Peter Beard
edited by Nejma Beard and David Fahey
Pioneering contemporary artist Peter Beard turned his life in New York and on the African continent into a Gesamtkunstwerk; a collage of photography, ecology, and diary writing. The book presents the artist’s unique world, a realm of art, science, and beauty.

The Princeton field guide to pterosaurs
by Gregory S. Paul
Featuring descriptions of 115 pterosaur species, over 5 dozen skeletal drawings and two dozen color life studies by renowned researcher and illustrator Gregory Paul, The Princeton Field Guide to Pterosaurs in the most up to date and comprehensive coverage of the great Mesozoic group that dominated the skies for 160 million years of the Mesozoic. 

Rights and reproductions : the handbook for cultural institutions
edited by Anne M. Young
2019, second edition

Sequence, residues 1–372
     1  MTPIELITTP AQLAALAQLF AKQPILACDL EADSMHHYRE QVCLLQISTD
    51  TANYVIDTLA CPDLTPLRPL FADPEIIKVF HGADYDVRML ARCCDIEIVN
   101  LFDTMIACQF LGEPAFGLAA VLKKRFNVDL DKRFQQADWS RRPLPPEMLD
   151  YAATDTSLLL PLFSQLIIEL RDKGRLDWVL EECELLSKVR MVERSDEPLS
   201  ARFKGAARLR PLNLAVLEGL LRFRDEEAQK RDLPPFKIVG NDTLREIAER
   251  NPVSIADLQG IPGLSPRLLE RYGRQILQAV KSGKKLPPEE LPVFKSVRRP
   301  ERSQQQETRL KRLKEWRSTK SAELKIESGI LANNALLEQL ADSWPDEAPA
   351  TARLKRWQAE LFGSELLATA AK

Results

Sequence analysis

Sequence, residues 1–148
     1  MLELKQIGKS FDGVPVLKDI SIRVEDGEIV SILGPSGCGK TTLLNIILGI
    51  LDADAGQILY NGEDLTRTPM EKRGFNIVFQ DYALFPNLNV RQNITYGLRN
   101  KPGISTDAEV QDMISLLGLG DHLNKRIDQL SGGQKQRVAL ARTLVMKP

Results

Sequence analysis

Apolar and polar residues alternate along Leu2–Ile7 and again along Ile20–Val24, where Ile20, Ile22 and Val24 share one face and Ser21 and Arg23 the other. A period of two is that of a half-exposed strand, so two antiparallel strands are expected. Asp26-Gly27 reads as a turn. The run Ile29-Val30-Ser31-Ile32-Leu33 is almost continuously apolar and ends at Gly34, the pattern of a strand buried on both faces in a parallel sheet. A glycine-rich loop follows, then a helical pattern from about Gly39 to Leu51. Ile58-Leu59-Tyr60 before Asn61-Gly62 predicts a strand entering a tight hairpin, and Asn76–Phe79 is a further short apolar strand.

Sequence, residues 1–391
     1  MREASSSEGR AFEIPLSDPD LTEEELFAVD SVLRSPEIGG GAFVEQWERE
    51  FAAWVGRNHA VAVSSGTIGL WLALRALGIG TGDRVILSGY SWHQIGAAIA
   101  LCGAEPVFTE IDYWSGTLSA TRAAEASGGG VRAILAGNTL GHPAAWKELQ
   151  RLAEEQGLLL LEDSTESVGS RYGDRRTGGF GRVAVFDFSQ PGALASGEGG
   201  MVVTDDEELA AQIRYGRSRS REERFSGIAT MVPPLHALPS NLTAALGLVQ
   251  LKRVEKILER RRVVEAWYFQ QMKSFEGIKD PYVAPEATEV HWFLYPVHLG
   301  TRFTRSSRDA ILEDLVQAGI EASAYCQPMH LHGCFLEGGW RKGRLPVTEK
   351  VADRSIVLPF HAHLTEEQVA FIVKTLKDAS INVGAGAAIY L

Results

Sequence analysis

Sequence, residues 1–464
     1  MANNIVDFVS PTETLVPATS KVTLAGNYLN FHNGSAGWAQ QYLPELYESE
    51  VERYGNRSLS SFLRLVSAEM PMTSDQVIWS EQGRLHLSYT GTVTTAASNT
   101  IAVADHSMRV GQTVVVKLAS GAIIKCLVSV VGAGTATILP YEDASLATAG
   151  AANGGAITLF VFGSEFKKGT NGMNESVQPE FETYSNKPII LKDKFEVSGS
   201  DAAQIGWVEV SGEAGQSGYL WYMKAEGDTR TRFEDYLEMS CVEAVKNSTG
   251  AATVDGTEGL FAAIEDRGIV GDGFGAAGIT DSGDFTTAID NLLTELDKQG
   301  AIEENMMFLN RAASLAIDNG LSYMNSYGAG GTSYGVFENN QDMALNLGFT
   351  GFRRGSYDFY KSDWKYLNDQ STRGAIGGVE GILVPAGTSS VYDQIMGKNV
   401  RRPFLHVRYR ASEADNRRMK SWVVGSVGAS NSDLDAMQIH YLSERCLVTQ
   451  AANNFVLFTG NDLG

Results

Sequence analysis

Management and dissemination of the Intellectual Property (IP) assets maintained by cultural institutions is a key responsibility of caring for collections. Rights and reproductions methodologies are seemingly ever-changing with new technologies, additional distribution avenues, evolving case law, applicable court decisions, and new legislation. This revised edition of Rights and Reproductions: The Handbook for Cultural Institutions marks the first time this valuable publication is available in print as well as digital. Building upon the guidelines, standards, and best practices outlined in the first edition, the Handbook further investigates current trends in rights and reproductions practices, notably expanding the discussion of fair use guidelines and codes, Creative Commons and, open access, social media applications, and the overall process of conducting rights clearances and obtaining permissions for the growing list of possible uses of a cultural institution's IP. Highlights of the second edition include: a new chapter devoted to fair use and open access; overall updates to applicable case law, rights clearance practices, and distribution partners; over 20 case studies outlining real-world examples from the authors' experiences and practices at their institutions; expanded glossary defining terms without heavy legalese; updated appendices with new references, resources, and court decisions; over 50 contract and document templates provided by the authors' institutions. The Handbook is the must-have, comprehensive resource for cultural institution professionals handling rights-related work, including registrars, rights and reproductions managers, archivists, librarians, and lawyers.